HOUSTON - Every 40 seconds, a stroke occurs in America.
It's one of the leading causes of disability, mainly because too many people ignore the symptoms and don't get help in time, potentially missing the window to get tPA, or tissue Plasminogen Activator, which is the only Food and Drug Administration-approved medication used to treat stroke.
Dr. Randall Wright, medical director of the Conroe Regional Neurovascular Stroke Center, explained, "Stroke is a very time sensitive disease, and we have only three hours, on typical cases, to treat a stroke."
Doctors remind people that "Time is brain," which emphasizes that human nervous tissue is rapidly lost and stroke progresses.
In honor of National Stroke Awareness Month, staff with Conroe Regional Medical Center performed a stroke drill, fine-tuning their door-to-door response time from EMS to the emergency department.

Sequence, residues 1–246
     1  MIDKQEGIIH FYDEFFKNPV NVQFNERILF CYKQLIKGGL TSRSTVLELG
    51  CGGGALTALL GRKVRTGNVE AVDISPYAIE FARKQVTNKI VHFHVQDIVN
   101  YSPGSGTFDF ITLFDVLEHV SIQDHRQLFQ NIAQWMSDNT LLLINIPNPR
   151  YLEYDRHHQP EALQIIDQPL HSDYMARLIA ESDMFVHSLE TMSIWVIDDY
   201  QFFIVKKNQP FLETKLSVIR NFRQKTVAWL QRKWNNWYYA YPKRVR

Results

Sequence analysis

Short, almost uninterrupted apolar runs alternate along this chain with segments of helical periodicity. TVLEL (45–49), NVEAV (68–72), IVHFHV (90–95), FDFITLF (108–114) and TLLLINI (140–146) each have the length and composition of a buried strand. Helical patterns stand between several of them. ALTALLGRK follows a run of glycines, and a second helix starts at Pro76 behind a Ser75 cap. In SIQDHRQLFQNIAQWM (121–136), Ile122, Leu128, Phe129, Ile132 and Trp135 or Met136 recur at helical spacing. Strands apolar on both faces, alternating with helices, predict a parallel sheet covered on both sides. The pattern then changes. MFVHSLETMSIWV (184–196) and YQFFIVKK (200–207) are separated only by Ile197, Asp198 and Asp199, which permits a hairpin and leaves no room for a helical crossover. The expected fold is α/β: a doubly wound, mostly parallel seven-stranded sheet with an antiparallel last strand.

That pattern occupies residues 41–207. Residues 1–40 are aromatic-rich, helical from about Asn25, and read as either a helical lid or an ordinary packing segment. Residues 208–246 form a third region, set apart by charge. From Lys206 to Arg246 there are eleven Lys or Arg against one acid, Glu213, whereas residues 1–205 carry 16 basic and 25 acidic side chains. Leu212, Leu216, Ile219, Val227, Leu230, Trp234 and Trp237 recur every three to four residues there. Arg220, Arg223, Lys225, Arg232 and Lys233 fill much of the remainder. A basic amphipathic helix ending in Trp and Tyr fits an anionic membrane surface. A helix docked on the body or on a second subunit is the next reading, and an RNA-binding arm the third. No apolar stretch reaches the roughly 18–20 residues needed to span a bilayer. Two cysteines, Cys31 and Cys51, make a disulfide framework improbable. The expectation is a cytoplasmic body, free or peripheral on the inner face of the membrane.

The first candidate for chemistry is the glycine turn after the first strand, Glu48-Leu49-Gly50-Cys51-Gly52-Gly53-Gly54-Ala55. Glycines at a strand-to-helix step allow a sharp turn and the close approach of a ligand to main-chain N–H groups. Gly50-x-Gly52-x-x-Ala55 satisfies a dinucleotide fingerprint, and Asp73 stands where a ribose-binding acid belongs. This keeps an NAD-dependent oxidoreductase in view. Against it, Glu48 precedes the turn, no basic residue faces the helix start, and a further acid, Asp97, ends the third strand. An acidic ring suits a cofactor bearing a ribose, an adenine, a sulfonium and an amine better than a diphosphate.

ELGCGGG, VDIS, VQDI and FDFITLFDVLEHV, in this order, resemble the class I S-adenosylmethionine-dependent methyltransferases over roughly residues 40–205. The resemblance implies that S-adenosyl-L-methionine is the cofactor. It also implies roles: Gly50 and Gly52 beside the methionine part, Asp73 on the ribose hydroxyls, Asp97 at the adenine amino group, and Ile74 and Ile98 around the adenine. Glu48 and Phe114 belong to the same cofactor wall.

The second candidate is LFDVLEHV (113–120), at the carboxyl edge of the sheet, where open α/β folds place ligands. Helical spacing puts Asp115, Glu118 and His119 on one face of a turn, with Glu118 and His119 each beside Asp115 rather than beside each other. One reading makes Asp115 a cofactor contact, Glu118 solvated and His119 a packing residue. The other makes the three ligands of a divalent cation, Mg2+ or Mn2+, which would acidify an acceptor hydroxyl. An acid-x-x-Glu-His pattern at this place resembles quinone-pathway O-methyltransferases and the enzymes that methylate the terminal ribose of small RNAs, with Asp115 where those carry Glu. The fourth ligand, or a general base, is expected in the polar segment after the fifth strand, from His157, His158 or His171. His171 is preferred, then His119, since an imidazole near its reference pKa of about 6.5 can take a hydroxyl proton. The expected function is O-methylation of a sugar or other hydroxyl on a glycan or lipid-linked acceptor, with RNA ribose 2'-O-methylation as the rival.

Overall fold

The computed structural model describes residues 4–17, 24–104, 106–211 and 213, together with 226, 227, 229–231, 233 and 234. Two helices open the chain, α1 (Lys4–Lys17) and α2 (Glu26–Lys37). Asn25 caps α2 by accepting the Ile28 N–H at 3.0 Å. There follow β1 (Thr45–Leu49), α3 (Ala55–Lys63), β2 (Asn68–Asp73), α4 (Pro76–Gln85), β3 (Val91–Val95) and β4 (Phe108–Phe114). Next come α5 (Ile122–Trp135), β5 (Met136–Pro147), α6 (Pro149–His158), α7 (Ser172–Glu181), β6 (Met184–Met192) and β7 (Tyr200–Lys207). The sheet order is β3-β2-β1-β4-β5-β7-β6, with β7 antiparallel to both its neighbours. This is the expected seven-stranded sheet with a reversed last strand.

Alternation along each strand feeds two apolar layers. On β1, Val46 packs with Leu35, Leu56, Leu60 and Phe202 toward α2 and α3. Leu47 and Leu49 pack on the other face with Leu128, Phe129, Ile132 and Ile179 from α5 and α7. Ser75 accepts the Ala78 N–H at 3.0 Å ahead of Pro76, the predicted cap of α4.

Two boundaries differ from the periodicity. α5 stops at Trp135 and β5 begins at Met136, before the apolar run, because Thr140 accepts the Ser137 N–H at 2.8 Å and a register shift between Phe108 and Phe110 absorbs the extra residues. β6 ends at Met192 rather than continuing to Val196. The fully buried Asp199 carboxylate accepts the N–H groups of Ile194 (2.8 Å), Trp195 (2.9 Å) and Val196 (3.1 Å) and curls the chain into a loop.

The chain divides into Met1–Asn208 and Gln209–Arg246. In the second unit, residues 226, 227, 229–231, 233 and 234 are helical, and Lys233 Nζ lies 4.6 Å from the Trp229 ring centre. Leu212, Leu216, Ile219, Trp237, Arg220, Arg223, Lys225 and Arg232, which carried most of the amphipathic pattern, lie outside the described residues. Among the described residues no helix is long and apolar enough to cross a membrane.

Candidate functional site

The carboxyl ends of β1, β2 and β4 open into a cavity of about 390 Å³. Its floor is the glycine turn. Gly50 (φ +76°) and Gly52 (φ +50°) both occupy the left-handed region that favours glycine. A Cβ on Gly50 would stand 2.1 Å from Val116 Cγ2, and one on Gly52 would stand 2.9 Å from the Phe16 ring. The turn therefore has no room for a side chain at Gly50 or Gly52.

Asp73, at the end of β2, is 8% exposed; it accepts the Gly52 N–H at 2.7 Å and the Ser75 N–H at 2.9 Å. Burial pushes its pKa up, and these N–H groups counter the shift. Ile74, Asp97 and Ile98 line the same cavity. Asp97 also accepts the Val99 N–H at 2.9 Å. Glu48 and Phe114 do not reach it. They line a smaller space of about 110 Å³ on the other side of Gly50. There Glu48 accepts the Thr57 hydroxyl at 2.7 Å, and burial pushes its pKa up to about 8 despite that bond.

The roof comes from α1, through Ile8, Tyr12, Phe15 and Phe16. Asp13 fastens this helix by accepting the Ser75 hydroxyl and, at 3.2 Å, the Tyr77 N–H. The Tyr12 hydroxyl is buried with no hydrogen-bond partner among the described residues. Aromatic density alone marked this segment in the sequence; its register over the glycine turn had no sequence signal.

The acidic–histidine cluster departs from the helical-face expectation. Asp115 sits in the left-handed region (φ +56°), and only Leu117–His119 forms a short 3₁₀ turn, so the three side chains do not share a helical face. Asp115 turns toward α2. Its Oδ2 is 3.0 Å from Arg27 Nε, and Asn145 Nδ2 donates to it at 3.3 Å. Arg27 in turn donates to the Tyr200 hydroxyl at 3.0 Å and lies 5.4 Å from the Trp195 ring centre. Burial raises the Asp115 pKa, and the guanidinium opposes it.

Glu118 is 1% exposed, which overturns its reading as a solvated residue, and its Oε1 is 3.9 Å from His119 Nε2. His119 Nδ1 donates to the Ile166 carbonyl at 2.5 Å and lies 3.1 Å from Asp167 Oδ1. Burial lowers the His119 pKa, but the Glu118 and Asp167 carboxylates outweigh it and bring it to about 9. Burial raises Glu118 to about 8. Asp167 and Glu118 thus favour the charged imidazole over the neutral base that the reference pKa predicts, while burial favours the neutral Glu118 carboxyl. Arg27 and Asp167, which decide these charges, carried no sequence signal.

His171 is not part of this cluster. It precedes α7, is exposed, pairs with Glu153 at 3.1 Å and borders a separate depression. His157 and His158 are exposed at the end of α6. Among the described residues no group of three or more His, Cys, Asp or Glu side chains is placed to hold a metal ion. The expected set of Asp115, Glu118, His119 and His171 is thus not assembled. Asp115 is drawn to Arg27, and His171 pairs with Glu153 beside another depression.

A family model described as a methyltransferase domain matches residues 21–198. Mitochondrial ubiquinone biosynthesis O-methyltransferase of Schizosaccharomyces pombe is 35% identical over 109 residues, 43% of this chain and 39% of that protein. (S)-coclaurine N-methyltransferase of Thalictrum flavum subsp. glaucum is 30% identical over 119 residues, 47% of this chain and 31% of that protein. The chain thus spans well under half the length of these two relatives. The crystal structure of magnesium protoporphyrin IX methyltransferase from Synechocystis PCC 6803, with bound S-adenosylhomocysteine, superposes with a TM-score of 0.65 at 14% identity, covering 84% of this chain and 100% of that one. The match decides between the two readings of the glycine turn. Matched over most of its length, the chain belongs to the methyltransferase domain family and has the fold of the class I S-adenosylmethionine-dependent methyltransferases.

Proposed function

First and foremost, the symptoms of stroke, according to the American Stroke Association, can include:
- Sudden numbness or weakness of face, arm or leg, especially on one side of the body
- Sudden confusion, trouble speaking or understanding
- Sudden trouble seeing in one or both eyes
- Sudden trouble walking, dizziness, loss of balance or coordination
- Sudden, severe headache with no known cause
Wright said stroke is preventable.
Knowing the risk factors such as high blood pressure, high cholesterol, diabetes, is key. He added, "If you smoke, that's the biggest reversible risk factor. If we're inactive and we're not participating in exercise regularly, then we do increase our risk for it. If we're having a cholesterol-high diet, having fast-food, all those over time start to clog up blood vessels and put us at risk for stroke."
Last year, Brenda Makovy suffered a stroke in her mother's house.
She told Local 2, "I was standing up talking and my legs just went out."
She ignored the signs and didn't get help until she collapsed the next morning.
A neighbor found her and called for help.
"Very lucky that I didn't have any residual effects," Makovy said.
That was her second stroke. She said she learned a valuable lesson.
She said, "Go get checked out if you even think (it could be a stroke). It doesn't hurt."
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